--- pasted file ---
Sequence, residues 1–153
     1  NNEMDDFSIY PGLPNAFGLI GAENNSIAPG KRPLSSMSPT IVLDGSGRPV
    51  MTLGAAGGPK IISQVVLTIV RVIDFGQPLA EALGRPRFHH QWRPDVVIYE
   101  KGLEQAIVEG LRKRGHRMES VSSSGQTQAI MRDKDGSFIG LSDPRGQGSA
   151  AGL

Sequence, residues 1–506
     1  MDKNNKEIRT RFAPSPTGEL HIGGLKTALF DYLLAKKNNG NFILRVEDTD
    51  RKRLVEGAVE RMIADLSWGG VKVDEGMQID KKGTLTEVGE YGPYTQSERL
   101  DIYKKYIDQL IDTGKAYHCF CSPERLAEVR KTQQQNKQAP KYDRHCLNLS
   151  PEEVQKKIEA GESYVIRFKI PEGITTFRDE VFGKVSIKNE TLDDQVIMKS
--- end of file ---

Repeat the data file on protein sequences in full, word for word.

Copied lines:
Sequence, residues 1–153
     1  NNEMDDFSIY PGLPNAFGLI GAENNSIAPG KRPLSSMSPT IVLDGSGRPV
    51  MTLGAAGGPK IISQVVLTIV RVIDFGQPLA EALGRPRFHH QWRPDVVIYE
   101  KGLEQAIVEG LRKRGHRMES VSSSGQTQAI MRDKDGSFIG LSDPRGQGSA
   151  AGL

Sequence, residues 1–506
     1  MDKNNKEIRT RFAPSPTGEL HIGGLKTALF DYLLAKKNNG NFILRVEDTD
    51  RKRLVEGAVE RMIADLSWGG VKVDEGMQID KKGTLTEVGE YGPYTQSERL
   101  DIYKKYIDQL IDTGKAYHCF CSPERLAEVR KTQQQNKQAP KYDRHCLNLS
   151  PEEVQKKIEA GESYVIRFKI PEGITTFRDE VFGKVSIKNE TLDDQVIMKS